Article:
Handy-Dandy SAS® Functions, Part 3 of 3: Arrays with Do Over Loops

This Tech Tip was provided by Onecia Gibson, Research and Analysis Director Assistant for the Office of Institutional Research, University of Kentucky. 

This third part of the three-part series on Handy-Dandy SAS® Functions presents arrays with do over loops. SAS® 9.3 Language Reference: Concepts1 defines an array as a grouping of variables that are arranged in a particular order and identified by an array name. Arrays with do over loops are useful when the same set of statements needs to be applied to several variables in a database.2  

For example, in the database below, the values for LastName, FirstName, and CITY have been entered in uppercase letters. Suppose there is a need to have the values in proper case (first letter uppercase and following letters in lowercase).  

SAS 1 rev.PNG
Examples 1 (top) and 2

The SAS® code in example 1 applies the propcase function to each variable in separate statements. A more efficient method is illustrated in example 2 where an array is used with a do over loop. The name of the array is RESET and it contains the variables LastName, FirstName, and CITY. (The illustrated array contains only three variables, however, arrays can contain hundreds of variables.) When a do over loop is applied to the array, all statements between the do over statement and end statement are applied to each variable in the array. Therefore, in example 2, the propcase function is applied to each variable in the array. The output for both example 1 and example 2 is the following database.  

SAS 2 rev.PNG
Similarly, arrays can contain numeric variables. Several times, I have worked with databases in which null (missing) values are coded as 0, 98, or 99. Because SAS® uses the period (.) as a missing value for numeric variables, SAS® will treat 0, 98, and 99 as literal numeric values when any calculation is performed. For example, the database below uses 99 to represent missing values for Age and ACT score. If the average ACT score is calculated (e.g., using proc means), SAS® will return an average ACT score of 54.3. SAS 3 rev.PNG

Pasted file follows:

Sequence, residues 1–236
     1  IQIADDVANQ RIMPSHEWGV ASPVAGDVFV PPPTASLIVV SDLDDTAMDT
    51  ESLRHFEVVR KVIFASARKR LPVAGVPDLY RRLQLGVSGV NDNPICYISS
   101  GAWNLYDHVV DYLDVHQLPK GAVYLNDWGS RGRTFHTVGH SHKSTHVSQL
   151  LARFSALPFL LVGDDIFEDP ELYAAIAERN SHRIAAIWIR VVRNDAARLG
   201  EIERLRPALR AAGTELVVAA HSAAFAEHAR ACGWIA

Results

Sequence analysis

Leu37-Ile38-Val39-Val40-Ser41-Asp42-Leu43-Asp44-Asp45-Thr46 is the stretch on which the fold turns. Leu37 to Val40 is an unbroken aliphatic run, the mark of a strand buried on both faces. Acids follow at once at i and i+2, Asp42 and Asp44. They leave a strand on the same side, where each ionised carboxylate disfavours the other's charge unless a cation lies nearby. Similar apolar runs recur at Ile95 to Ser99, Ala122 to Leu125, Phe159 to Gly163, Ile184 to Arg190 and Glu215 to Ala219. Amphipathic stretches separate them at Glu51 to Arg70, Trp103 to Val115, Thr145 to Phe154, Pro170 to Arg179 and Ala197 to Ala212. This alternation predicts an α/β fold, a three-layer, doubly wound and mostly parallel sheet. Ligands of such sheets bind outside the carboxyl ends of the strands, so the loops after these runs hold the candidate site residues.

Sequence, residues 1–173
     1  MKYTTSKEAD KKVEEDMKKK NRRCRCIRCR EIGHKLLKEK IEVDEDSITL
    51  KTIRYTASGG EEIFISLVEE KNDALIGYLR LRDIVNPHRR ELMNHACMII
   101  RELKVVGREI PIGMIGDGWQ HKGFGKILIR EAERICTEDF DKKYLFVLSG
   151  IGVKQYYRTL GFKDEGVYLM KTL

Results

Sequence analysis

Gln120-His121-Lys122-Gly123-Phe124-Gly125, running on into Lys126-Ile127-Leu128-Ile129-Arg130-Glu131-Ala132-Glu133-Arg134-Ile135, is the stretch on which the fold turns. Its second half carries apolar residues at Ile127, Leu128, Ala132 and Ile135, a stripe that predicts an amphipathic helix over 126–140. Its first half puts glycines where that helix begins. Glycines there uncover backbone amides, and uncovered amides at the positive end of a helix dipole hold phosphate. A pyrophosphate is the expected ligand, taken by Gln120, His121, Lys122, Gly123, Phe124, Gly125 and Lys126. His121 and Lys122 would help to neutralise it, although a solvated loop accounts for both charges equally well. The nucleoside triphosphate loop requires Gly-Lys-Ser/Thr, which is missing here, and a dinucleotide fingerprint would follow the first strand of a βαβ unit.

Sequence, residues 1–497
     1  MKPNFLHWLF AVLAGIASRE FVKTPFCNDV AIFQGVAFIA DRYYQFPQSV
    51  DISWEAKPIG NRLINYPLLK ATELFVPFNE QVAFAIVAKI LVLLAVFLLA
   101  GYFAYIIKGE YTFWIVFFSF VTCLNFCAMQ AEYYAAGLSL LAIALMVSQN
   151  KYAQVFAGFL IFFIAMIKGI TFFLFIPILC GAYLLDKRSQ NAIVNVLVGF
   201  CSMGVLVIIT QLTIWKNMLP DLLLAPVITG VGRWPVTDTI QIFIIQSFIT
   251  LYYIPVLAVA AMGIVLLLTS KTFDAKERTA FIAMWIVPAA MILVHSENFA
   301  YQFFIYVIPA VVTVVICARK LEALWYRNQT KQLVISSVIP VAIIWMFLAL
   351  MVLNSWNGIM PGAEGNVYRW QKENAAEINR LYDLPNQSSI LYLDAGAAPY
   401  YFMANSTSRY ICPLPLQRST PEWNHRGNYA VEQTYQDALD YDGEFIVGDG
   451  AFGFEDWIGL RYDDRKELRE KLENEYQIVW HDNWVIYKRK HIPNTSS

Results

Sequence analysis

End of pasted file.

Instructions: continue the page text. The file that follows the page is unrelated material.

Example 3 illustrates how an array with a do over loop efficiently replaces the 99 values with a period. After the replacements, SAS® proc means will return an average ACT score of 32.
 
SAS 4 rev.PNG

References:
 

1 Base SAS® 9.3 Language Reference: Concepts, (February 2012).

2 Paper 158-2010: How to Use ARRAYs and DO Loops: Do I DO OVER or Do I DO i? (2010). Retrieved August 2, 2012.  

 

 Comments

 
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Total Comments: 9
 
Erin posted on 8/23/2012 11:45 AM
Appears to be a very useful tip for SAS users. I would love to see something similar for SPSS.
Lucy posted on 8/23/2012 11:47 AM
If you ever need to change text to proper case in Excel you can do it with the PROPER function. =PROPER(A1) will return the text of A1 with the first letter of each word in capital and the remaining letters in lower case. And if you are working with a Microsoft Word document you can highlight the text and press <SHIFT>+<F3> to toggle through lower case, proper case and all capitals.
John posted on 8/23/2012 11:54 AM
Is there a way to loop over all the columns without having to type them in? In example 2 above, the statement "array RESET LastName, FirstName, CITY;" requires that I know the names of the columns ahead of time. Is there something like "array RESET *" or something else to pick all the column names?
Onecia posted on 8/23/2012 12:14 PM
John, You can define an array to include all character (text) variables by using the statement array RESET _character_. So, in the above example2 program, array RESET _character_ can be used in place of array RESET LastName FirstName CITY. Same idea for numeric variables, use array RESET _numeric_ instead of array RESET_N Age ACT.
Shelia posted on 8/23/2012 1:25 PM
It's been awhile for me with SAS, as I'm now hooked on SPSS. I do like the idea of using a period (.) since zero (0) is sometimes used for various responses, e.g., Not applicable.
Bamby posted on 8/23/2012 2:22 PM
I’m not an SAS user, but the directions and screen shots are clear and the information looks useful in terms of improving the appearance of SAS output.
Sri posted on 8/23/2012 2:24 PM
Good tips for SAS users.
Gary posted on 8/31/2012 1:26 PM
Thanks for the great SAS tips, Onecia. propcase is a nice convenience function.

Erin, I think you'd want something along these lines in SPSS.
This just converts to lower case to show the logic.
********************************************.
define myMacro (colNames = !charend('/'))
!do !i !in (!colNames)
compute !i = lower(!i).
!doend
!enddefine.

myMacro colNames = Last_Name First_Name /.
exe.
********************************************.

...its nicer with R - no macros, no quirky limitations:
# ------------------------------------------------------------------------
x <- c("last.name", "first.name")
for (i in x) substr(ex.1[, i], 2, 99) <- tolower(substr(ex.1[, i], 2, 99))
# ------------------------------------------------------------------------
Matthew posted on 5/3/2017 12:00 PM
THank you! As a former STATA user that now uses SAS I have been trying to figure out how to do this for a while. Does anyone know if you can do this in a macro to loop over several variables through a proc? for example

do over VARLIST progress pretest posttest;
proc freq data=data;
table VARLIST;
where VARLIST ne 99;
run;

This is very easy in STATA using a foreach loop, but I have never been able to figure out how to do it in SAS.